Understanding Hearing Loss, Causes, Types & Symptoms.
More than 28 million Americans suffer from a significant loss of hearing. Almost half are under the age of 65 and 54% of the population over the age of 65 suffer from hearing loss. Hearing loss is the third most common medical condition in our adult population, following only high blood pressure and arthritis. On average, once a person determines that they have a hearing loss, they wait over seven years before seeking assistance.
The impact of a hearing loss can be far reaching and involve many aspects of one's life. Hearing impaired individuals may have difficulty localizing sounds, understanding speech in busy environments, and participating in everyday normal conversations. This can lead to social isolation, confusion, frustration, tension, anger, stress and depression. Recent studies also indicate that untreated hearing loss negatively affects one's overall health, quality of life and happiness.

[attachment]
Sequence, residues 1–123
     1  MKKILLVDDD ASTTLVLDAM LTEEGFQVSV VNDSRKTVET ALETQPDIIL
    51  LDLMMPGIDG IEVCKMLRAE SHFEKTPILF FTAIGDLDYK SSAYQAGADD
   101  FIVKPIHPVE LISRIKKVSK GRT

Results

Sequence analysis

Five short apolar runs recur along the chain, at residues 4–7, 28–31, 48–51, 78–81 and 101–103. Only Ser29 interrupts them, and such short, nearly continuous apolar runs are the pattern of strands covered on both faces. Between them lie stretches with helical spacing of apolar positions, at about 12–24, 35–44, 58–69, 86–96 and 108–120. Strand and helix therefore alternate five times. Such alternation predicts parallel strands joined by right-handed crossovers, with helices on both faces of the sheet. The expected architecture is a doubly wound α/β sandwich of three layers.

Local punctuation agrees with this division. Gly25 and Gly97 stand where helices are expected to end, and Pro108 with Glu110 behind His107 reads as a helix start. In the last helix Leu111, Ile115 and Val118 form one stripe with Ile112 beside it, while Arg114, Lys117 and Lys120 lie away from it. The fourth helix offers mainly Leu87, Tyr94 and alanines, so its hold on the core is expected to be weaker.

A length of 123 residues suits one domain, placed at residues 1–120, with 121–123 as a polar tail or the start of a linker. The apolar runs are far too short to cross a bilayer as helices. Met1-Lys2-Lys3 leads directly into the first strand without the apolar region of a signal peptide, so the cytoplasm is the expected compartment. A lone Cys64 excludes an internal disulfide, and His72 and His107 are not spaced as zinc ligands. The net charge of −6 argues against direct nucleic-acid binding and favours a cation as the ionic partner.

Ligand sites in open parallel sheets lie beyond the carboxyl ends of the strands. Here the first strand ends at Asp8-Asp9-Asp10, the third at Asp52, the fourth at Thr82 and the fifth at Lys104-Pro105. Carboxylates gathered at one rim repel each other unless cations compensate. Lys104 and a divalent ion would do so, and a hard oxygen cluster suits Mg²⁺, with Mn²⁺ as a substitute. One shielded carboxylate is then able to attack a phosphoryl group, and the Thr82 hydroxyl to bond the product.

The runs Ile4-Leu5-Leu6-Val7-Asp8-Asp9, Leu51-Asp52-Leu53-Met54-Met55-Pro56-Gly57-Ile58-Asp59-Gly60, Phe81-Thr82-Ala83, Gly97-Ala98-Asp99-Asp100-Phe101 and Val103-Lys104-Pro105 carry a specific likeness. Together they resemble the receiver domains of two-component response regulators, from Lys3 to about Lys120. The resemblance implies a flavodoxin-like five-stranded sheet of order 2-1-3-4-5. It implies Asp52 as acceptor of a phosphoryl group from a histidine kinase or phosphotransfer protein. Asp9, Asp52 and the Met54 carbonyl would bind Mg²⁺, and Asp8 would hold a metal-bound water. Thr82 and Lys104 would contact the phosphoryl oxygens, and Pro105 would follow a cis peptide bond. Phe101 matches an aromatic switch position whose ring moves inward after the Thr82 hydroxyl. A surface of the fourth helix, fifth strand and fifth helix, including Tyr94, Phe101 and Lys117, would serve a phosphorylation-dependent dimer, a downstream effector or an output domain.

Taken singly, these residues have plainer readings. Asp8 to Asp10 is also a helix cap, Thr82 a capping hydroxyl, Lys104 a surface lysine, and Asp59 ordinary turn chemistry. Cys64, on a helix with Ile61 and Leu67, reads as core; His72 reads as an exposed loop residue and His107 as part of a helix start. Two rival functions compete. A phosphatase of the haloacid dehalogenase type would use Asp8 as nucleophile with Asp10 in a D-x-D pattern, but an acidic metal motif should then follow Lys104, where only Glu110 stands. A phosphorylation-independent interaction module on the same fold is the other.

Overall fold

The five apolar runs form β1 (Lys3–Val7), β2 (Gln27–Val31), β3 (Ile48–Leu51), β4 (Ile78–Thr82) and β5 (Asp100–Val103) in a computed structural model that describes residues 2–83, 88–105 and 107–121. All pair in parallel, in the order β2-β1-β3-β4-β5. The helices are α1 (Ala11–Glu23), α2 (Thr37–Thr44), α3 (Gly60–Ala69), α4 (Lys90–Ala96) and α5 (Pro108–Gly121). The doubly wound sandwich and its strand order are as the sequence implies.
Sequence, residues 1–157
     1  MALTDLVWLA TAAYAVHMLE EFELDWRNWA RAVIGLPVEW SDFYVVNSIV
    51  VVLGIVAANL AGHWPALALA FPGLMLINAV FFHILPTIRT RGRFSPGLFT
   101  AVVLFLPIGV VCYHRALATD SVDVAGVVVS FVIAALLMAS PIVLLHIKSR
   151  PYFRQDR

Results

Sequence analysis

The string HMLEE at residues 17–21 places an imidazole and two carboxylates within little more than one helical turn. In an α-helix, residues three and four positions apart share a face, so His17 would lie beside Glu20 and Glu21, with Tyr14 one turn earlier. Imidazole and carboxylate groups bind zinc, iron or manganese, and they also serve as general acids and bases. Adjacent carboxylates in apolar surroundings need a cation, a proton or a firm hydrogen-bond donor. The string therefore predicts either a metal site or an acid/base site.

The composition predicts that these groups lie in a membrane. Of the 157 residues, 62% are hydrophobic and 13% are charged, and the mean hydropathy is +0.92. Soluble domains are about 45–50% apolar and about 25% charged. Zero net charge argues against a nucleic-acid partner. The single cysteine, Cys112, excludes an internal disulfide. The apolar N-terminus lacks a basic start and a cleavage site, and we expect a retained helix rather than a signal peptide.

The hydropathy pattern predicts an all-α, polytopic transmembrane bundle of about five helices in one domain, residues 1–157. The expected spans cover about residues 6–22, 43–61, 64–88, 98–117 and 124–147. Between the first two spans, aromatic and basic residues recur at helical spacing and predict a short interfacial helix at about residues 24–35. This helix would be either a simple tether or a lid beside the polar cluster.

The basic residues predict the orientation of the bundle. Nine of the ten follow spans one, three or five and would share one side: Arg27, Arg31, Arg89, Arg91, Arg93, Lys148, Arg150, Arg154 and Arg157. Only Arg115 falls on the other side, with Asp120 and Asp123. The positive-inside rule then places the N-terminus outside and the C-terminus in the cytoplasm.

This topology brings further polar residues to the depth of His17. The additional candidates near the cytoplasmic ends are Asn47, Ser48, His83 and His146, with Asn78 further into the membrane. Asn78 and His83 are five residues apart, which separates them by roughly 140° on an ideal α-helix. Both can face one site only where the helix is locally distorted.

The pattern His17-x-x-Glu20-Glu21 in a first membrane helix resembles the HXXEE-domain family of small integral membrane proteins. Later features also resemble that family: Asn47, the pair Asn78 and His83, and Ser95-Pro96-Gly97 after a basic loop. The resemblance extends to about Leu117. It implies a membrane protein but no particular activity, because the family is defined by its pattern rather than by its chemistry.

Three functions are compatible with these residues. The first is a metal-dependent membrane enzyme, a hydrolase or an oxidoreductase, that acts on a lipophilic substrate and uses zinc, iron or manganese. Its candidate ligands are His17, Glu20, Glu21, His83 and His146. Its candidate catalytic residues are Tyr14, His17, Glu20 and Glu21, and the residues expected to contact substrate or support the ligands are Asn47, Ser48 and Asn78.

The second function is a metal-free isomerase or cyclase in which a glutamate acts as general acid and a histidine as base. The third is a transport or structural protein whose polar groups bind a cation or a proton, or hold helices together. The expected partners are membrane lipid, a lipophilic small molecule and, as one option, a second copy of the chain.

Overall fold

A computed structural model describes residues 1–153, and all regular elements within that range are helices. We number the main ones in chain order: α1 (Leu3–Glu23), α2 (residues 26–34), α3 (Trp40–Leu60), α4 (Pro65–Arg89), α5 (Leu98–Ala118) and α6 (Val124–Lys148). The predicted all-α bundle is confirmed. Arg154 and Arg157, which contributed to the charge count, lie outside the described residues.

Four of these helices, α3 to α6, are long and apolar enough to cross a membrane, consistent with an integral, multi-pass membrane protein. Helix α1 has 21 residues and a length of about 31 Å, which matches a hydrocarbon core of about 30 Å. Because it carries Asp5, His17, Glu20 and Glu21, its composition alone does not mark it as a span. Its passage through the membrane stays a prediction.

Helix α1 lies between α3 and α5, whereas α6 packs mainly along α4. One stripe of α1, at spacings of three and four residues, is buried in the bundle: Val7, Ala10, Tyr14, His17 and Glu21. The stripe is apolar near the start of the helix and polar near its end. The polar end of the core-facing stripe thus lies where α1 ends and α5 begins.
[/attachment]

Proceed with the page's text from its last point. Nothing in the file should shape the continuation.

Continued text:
Causes of Adult Hearing Loss.
With the advancement of medical science over the last few decades, one would think that we would be abe to explain the reasons for each individual's hearing loss, unfortunately this is not the case. There are basically two types of hearing loss, Sensorineural and Conductive.
Sensorineural Hearing Loss is the most common type of hearing loss. Previously this type of hearing loss was referred to as Nerve Deafness or Nerve Damage. With this type of hearing loss the hair cells in the inner ear (Cochlea) have become damaged or less effective. Sensorinerual hearing loss is almost never correctable thru medical or surgical means. There are numerous reasons for this condition to occur, but the most common are: